• Algorithms and algorithmic discrimination. In soliciting comment on algorithms and algorithmic discrimination, the FTC takes a broad view of its potential remit, asking several questions about “algorithmic error” and “automated decision-making,” whether it should focus on harms to protected classes or consider harms to other underserved groups (e.g., unhoused people or rural communities), whether it should analyze proxies for protected classes, and whether it should consider rules regarding algorithmic discrimination only in established areas like housing, employment, and consumer finance or go beyond them. The ANPRM also asks whether other federal laws (the First Amendment, Section 230 of the Communications Act, 47 U.S.C. § 230, and other civil rights laws) should affect the scope of any FTC rule in these areas.
  • Biometric information. The FTC has indicated that biometric information is a priority area and such data receives special attention in the ANPRM, which includes a question that suggests the FTC is considering developing a rule that imposes substantive limits on the use of facial recognition, fingerprinting, and other biometric technologies.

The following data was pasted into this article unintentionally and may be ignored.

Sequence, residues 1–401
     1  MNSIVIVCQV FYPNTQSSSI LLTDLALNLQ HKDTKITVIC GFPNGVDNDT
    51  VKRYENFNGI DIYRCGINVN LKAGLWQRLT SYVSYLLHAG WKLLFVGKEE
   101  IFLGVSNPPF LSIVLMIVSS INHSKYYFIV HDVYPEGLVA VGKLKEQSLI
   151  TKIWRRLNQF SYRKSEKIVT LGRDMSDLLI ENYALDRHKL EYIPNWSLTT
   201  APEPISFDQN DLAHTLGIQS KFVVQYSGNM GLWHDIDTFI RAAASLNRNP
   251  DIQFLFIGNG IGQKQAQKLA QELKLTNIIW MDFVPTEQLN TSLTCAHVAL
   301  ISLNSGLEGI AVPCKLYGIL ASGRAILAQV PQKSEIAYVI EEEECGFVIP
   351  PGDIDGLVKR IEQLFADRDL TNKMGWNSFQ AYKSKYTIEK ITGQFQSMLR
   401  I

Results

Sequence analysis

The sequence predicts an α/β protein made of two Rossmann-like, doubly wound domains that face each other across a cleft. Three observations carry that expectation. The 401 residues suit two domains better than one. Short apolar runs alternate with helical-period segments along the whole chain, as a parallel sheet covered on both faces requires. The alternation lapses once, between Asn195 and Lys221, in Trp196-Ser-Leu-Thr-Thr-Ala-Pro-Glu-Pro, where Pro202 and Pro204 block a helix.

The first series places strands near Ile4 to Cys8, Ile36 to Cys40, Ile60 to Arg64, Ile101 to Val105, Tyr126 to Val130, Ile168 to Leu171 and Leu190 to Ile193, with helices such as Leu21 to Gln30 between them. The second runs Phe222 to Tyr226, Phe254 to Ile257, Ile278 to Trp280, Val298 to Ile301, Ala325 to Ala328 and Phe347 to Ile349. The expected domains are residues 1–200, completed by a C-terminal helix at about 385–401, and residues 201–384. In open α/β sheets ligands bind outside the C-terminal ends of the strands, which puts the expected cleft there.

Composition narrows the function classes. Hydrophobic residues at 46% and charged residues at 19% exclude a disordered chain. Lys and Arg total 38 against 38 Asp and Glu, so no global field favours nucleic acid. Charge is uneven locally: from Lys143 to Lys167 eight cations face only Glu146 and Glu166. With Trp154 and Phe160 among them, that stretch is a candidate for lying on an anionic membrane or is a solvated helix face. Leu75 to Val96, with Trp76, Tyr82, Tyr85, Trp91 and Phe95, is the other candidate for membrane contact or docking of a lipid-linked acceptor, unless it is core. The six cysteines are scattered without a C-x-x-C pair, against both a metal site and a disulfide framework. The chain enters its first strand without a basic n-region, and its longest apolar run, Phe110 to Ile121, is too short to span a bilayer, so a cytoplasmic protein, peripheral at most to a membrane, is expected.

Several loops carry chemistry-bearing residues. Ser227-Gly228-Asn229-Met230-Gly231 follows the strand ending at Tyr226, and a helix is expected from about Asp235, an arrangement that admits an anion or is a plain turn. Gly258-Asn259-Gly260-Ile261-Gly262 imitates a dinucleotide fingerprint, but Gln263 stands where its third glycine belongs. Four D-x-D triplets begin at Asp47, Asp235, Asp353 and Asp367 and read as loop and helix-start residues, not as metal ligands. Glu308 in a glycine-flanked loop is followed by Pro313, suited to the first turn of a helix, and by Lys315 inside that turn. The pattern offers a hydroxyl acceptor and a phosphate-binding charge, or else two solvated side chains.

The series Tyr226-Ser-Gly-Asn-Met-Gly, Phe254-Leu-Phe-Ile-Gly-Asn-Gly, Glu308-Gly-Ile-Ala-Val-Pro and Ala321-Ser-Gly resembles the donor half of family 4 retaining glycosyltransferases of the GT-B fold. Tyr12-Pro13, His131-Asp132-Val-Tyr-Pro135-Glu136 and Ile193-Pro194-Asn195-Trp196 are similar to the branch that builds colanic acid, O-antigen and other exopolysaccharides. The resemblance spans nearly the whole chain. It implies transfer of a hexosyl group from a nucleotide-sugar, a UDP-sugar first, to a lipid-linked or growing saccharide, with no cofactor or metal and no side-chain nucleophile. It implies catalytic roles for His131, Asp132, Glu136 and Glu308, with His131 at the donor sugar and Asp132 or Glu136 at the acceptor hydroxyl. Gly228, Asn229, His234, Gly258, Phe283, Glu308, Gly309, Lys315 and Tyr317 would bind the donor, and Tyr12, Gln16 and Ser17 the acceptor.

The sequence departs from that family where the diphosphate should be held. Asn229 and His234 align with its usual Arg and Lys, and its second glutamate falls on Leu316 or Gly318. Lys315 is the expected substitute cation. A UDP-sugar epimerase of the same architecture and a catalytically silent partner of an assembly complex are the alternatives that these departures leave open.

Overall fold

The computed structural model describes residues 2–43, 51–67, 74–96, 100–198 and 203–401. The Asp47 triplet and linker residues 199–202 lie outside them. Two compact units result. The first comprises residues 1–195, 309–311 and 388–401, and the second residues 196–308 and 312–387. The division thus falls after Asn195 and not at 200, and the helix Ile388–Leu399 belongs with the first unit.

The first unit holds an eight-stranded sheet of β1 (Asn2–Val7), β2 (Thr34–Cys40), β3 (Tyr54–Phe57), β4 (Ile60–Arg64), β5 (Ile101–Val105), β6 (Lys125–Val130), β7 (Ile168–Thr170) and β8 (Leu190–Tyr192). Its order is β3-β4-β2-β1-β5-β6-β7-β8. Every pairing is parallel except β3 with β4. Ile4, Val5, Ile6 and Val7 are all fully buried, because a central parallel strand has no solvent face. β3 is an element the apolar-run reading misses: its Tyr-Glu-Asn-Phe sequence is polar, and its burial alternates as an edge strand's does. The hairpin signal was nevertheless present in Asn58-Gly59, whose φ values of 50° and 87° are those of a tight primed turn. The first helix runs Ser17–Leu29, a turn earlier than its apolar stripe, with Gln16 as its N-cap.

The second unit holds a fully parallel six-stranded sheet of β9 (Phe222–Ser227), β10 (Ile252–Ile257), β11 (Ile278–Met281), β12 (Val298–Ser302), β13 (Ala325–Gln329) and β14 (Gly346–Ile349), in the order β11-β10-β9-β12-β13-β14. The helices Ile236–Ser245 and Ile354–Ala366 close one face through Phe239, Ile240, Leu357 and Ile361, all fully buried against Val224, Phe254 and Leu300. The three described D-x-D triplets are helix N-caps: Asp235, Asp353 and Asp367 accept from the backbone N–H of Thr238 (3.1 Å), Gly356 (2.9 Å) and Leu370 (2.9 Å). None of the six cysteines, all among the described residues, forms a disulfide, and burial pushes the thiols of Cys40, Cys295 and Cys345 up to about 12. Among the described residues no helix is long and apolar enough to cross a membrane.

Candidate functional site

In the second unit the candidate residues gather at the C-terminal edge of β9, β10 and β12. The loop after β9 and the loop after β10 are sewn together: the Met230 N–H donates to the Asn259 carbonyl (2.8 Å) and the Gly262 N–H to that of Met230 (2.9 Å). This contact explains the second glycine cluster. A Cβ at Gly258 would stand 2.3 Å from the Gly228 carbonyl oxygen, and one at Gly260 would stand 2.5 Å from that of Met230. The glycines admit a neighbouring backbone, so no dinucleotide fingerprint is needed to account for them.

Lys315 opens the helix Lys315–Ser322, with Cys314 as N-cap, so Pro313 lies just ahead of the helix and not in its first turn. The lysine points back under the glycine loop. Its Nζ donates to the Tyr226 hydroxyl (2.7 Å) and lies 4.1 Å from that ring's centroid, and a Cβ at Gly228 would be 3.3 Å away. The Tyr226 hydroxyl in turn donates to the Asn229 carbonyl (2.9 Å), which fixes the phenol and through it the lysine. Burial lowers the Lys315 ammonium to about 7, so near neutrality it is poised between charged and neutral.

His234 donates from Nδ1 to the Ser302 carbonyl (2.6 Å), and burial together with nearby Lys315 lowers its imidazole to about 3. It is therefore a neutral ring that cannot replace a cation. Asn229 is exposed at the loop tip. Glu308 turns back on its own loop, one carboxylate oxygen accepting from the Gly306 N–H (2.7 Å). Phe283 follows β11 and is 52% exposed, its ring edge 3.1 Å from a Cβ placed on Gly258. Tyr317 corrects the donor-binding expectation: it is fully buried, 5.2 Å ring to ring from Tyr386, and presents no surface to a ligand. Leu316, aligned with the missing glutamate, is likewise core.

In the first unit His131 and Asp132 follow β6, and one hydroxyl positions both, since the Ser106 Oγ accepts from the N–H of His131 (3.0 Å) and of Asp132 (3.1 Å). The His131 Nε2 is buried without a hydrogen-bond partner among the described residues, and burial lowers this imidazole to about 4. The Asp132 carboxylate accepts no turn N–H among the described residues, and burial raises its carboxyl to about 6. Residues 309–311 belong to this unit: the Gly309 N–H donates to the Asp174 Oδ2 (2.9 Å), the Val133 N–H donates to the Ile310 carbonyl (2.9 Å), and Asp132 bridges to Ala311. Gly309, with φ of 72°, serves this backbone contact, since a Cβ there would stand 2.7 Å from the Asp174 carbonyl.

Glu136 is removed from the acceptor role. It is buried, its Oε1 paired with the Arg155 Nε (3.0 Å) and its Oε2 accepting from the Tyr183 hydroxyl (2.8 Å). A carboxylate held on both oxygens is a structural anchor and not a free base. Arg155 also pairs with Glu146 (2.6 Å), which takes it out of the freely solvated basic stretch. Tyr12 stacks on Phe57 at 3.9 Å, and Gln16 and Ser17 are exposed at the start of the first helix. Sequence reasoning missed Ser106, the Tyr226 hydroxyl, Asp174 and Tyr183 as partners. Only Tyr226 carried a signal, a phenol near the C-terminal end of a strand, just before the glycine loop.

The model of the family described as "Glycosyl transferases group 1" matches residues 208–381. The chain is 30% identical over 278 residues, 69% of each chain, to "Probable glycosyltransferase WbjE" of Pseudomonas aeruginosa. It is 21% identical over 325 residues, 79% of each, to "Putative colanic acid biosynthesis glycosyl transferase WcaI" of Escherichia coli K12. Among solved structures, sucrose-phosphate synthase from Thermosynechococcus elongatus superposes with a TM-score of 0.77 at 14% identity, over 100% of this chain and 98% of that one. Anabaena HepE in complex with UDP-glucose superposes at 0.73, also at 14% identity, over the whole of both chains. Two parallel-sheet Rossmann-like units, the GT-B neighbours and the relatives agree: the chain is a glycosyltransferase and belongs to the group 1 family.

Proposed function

Next Steps

The ANPRM will be published in the Federal Register. Following publication, the public will have 60 days to submit comments. In addition, the FTC will host a virtual public forum on September 8, 2022, where members of the public can apply to speak for up to two minutes.

Following its review of the comments on the ANPRM, if it decides to propose rules, the FTC will publish a notice of proposed rulemaking containing the text of any proposed rules and an invitation for public comment. Subsequently, the FTC must hold a hearing in which it may permit cross-examination and/or rebuttal testimony on disputed issues of material fact.

Industry participation is critical at each step of this lengthy process to build a robust and balanced record about the benefits of industry practices and other key issues. In addition to helping to ensure that any rules issued through this process are justified, the proceedings are likely to influence the FTC’s enforcement and other policy activities and may inform Congress or other policymakers as well.

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DISCLAIMER: Because of the generality of this update, the information provided herein may not be applicable in all situations and should not be acted upon without specific legal advice based on particular situations.